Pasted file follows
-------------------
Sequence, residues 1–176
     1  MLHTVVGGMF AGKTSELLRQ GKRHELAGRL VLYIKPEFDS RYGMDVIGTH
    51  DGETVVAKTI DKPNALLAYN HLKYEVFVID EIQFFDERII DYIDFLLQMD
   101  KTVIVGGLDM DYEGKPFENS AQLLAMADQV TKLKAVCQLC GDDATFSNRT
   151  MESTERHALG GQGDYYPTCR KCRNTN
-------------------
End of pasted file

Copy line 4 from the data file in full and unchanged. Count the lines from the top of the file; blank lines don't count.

   101  KTVIVGGLDM DYEGKPFENS AQLLAMADQV TKLKAVCQLC GDDATFSNRT